# A Plain Markdown Post

## 2016/02/14

Categories: Example Hugo Tags: blogdown Markdown MathJax Pandoc RStudio

This sample post is mainly for blogdown users. If you do not use blogdown, you can skip the first section.

# 1. Markdown or R Markdown

This is a post written in plain Markdown (*.md) instead of R Markdown (*.Rmd). The major differences are:

1. You cannot run any R code in a plain Markdown document, whereas in an R Markdown document, you can embed R code chunks ({r});
2. A plain Markdown post is rendered through Blackfriday, and an R Markdown document is compiled by rmarkdown and Pandoc.

There are many differences in syntax between Blackfriday’s Markdown and Pandoc’s Markdown. For example, you can write a task list with Blackfriday but not with Pandoc:

• Write an R package.
• Write a book.
• Profit!

Similarly, Blackfriday does not support LaTeX math and Pandoc does. I have added the MathJax support to this theme (hugo-xmin) but there is a caveat for plain Markdown posts: you have to include math expressions in a pair of backticks (inline: ; display style: ), e.g., $S_n = \sum_{i=1}^n X_i$.1 For R Markdown posts, you do not need the backticks, because Pandoc can identify and process math expressions.

When creating a new post, you have to decide whether the post format is Markdown or R Markdown, and this can be done via the rmd argument of the function blogdown::new_post(), e.g.

blogdown::new_post("Post Title", rmd = FALSE)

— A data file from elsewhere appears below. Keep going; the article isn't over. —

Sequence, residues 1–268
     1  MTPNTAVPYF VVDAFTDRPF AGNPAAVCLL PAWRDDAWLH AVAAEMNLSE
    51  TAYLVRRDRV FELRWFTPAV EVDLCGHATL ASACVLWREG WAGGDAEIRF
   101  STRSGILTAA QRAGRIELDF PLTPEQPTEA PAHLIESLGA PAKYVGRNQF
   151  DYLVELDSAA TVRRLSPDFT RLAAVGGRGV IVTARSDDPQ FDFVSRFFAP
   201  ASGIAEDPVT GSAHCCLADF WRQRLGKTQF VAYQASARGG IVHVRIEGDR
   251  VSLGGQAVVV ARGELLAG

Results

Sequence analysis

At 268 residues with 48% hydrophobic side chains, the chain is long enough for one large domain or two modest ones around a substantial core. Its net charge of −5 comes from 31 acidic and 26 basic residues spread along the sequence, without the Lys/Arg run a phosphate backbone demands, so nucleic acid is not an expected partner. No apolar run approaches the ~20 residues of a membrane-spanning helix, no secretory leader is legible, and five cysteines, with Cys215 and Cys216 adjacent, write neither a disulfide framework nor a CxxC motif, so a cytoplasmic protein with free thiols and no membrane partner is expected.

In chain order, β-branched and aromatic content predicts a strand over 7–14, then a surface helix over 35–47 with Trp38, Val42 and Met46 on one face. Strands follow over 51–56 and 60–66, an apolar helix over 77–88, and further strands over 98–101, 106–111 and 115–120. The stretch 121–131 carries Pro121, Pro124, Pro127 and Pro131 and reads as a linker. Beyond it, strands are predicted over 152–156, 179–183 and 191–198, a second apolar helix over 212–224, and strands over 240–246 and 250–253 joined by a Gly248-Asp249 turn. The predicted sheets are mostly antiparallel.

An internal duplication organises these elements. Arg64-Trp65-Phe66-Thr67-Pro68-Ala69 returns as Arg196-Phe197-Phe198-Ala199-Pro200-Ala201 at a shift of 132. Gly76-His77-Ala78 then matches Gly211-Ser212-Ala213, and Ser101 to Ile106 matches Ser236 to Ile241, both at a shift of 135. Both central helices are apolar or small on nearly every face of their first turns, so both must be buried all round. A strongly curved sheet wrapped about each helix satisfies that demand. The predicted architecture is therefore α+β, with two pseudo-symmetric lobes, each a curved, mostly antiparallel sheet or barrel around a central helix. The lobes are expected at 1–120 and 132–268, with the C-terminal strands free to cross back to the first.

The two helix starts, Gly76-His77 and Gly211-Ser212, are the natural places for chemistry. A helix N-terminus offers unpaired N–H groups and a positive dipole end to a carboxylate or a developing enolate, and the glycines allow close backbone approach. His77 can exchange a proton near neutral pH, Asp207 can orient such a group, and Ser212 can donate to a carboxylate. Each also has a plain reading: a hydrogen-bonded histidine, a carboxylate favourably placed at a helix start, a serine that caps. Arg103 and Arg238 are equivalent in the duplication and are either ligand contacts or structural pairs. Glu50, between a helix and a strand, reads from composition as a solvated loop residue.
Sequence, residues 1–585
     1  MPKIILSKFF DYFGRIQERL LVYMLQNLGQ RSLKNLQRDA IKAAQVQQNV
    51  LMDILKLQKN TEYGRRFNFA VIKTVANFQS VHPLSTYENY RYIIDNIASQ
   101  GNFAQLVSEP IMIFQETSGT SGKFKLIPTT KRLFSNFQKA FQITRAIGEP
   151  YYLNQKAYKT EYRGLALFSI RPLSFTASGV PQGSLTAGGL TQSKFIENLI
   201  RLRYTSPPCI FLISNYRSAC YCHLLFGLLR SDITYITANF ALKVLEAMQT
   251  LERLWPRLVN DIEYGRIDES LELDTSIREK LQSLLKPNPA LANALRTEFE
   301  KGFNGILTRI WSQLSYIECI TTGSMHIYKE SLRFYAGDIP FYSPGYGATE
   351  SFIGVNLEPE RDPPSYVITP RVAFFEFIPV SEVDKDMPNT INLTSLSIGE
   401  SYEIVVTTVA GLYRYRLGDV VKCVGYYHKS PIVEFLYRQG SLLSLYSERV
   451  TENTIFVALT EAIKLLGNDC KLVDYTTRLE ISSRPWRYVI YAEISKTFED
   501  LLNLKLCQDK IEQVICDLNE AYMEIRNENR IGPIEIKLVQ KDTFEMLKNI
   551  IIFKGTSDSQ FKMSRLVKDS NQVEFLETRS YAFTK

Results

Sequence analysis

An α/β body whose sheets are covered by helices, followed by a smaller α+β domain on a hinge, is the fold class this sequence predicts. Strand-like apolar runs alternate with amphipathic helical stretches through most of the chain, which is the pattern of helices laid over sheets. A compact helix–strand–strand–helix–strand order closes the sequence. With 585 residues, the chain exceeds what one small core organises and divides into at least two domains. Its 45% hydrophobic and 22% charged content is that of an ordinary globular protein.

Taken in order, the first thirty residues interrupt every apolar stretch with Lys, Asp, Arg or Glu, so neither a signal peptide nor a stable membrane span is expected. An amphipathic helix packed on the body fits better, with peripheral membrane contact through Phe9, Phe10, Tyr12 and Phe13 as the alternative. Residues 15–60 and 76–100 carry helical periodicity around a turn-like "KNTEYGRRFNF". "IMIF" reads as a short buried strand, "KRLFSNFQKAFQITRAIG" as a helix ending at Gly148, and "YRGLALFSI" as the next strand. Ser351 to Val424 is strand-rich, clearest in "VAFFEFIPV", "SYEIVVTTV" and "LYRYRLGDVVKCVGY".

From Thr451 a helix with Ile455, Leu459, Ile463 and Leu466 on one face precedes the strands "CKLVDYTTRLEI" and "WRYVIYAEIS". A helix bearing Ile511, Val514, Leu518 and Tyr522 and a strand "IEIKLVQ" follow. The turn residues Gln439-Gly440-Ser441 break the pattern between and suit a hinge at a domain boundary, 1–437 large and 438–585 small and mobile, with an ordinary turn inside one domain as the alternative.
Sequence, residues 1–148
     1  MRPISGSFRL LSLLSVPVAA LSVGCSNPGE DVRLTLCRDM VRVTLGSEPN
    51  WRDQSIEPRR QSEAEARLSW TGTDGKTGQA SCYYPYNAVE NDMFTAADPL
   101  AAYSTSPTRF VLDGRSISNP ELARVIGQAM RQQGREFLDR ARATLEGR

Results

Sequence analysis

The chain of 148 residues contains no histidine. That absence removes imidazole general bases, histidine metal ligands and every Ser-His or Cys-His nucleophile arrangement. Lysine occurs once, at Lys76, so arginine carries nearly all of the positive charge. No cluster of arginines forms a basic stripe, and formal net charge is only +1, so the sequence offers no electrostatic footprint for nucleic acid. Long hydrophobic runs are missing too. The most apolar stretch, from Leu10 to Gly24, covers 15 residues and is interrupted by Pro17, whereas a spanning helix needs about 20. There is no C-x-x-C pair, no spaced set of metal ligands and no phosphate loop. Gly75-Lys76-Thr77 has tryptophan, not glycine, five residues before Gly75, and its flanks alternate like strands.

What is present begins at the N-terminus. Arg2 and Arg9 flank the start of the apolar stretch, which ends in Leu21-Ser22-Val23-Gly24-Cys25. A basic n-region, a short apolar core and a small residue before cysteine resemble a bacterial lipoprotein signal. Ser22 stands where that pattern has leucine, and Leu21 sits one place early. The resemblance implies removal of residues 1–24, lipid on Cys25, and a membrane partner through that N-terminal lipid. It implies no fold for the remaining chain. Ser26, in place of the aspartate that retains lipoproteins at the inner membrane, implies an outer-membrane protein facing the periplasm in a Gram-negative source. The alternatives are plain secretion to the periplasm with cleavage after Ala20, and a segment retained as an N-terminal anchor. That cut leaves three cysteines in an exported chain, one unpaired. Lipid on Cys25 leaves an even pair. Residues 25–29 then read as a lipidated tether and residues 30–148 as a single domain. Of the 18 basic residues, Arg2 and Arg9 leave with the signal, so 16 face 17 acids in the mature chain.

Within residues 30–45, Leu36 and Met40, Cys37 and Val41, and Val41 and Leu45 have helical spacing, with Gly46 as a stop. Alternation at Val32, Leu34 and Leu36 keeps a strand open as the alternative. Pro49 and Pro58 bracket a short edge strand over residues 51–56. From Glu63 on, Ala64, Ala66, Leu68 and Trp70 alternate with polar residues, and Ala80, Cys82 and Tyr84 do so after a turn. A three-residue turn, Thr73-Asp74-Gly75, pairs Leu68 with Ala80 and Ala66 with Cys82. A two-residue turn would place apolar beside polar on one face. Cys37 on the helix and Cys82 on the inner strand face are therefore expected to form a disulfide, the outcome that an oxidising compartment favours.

Actually I recommend you to use the RStudio addin “New Post” instead:

# 2. Sample Text

A paragraph (with a footnote):

Lorem ipsum dolor sit amet, consectetur adipiscing elit, sed do eiusmod tempor incididunt ut labore et dolore magna aliqua. Ut enim ad minim veniam, quis nostrud exercitation ullamco laboris nisi ut aliquip ex ea commodo consequat. Duis aute irure dolor in reprehenderit in voluptate velit esse cillum dolore eu fugiat nulla pariatur. Excepteur sint occaecat cupidatat non proident, sunt in culpa qui officia deserunt mollit anim id est laborum.2

A blockquote (a gray bar at the left and lightgray background):

Quisque mattis volutpat lorem vitae feugiat. Praesent porta est quis porta imperdiet. Aenean porta, mi non cursus volutpat, mi est mollis libero, id suscipit orci urna a augue. In fringilla euismod lacus, vitae tristique massa ultricies vitae. Mauris accumsan ligula tristique, viverra nulla sed, porta sapien. Vestibulum facilisis nec nisl blandit convallis. Maecenas venenatis porta malesuada. Ut ac erat tortor. Orci varius natoque penatibus et magnis dis parturient montes, nascetur ridiculus mus. Nulla sodales quam sit amet tincidunt egestas. In et turpis at orci vestibulum ullamcorper. Aliquam sed ante libero. Sed hendrerit arcu lacus.

Some code (with a drop-shadow effect):

(function() {
var quotes = document.getElementsByTagName('blockquote'), i, quote;
for (i = 0; i < quotes.length; i++) {
quote = quotes[i];
var n = quote.children.length;
if (n === 0) continue;
var el = quote.children[n - 1];
if (!el || el.nodeName !== 'P') continue;
// right-align a quote footer if it starts with ---
if (/^—/.test(el.textContent)) el.style.textAlign = 'right';
}
})();
`

A table (centered by default):

Sepal.Length Sepal.Width Petal.Length Petal.Width Species
5.1 3.5 1.4 0.2 setosa
4.9 3.0 1.4 0.2 setosa
4.7 3.2 1.3 0.2 setosa
4.6 3.1 1.5 0.2 setosa
5.0 3.6 1.4 0.2 setosa
5.4 3.9 1.7 0.4 setosa

An image (automatically centered when it is appropriate):

Looks good?

1. This is because we have to protect the math expressions from being interpreted as Markdown.
2. I’m sure you are bored by the text here.